I cut my own hair last night. After months of new coronavirus isolation and then a few too many, “Oh wow, Kat! Your hair is so long,” I took a pair of dull scissors and chopped away.
With a forceful snip, 2 inches fell from the right side of my part and, then, a slightly longer 2 inches fell from the left. Back to the right for a small trim, and things were a bit more even.
“How does it look?” I asked Patrick, hoping he would praise my hidden talents as a hairdresser.
“Like you cut your own hair,” he replied, almost as bluntly as I had cut my hair.
Ahh, exactly what I was going for.
A haircut is a special indulgence of mine. I have a stylist back on the East Coast who I trust to color my hair and give my lifeless blond locks some life when I’m in town. I’ll send her a message a few weeks before landing in the Newark Liberty International Airport, making sure that I have an appointment scheduled with her somewhere in between lunch with my grandfather and drinks with an old friend, like a said “special indulgence.”
But, there’s no flight to New Jersey in my future and my ends were dead or dying, split harsher and more divided than … almost anything political in 2020.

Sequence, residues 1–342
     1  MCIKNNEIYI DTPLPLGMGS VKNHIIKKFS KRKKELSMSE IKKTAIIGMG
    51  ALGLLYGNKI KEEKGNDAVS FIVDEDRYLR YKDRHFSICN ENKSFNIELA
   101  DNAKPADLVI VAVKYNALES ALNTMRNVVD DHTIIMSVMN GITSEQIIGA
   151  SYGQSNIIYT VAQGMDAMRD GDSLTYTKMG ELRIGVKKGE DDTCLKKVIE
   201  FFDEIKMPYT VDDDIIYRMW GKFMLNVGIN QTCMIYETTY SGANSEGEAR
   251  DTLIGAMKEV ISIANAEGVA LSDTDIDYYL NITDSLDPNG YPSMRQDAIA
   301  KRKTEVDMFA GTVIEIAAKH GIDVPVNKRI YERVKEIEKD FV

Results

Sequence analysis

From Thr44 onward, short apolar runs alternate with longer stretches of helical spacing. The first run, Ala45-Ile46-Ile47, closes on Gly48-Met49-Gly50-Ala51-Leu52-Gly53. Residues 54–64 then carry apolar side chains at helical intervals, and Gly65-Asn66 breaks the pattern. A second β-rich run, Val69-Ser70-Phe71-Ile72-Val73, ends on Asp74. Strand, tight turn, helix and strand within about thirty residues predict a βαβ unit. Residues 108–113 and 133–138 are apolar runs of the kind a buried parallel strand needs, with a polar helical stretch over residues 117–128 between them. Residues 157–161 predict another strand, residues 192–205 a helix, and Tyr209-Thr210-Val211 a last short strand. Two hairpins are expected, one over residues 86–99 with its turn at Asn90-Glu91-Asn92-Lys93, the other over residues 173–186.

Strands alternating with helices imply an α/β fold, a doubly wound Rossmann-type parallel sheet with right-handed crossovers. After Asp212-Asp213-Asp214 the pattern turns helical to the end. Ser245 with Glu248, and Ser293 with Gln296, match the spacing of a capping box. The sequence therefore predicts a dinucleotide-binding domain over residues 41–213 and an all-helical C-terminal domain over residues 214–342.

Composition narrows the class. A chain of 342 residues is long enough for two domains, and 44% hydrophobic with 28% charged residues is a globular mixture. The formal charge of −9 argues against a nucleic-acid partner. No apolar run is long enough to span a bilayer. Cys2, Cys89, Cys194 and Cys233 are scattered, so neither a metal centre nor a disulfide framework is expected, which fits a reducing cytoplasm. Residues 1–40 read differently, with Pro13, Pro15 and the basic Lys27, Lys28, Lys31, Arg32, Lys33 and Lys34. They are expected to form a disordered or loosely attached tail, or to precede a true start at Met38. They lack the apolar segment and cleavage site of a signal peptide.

And so, I cut my own hair.
I trepidatiously stood in front of the mirror with scissors in my hand while humming Crosby, Stills, Nash & Young’s 1970 political song “Almost Cut My Hair,” with an extra flourish on, “It was getting kinda long.”
But, I’m not a hippie debating my rebellious nature in the ’70s, struggling with the paranoia around every turn. The protagonist in the song was looking for something a bit more practical, looking to get his hair out of his way but felt it like he owed it to someone to keep his hair growing.
And so, while he almost cut his hair, I actually did — not in an act of rebellion or solidarity, but in an act of desperation. It had been months, I wasn’t about to drive to Anchorage for a simple haircut while bringing another person into my carefully curated coronavirus social circle.
There were plenty of “almosts” ahead of that, when I had reached out to a salon to see what their policies were and if they were taking clients, but instead I did what I do best.
I Googled “how to cut your own hair.”
And it turns out, there are plenty of people across the country trying to do the same thing, not screaming or yelling about their desperation with their long locks. Instead, we’re all just learning and adapting, finding new ways to do the things we need to do.
Sure, I’ll go to a salon again one day. But, in the meantime, my hair looks like I cut it myself, exactly the look I was going for.
By KAT SORENSEN
For the Clarion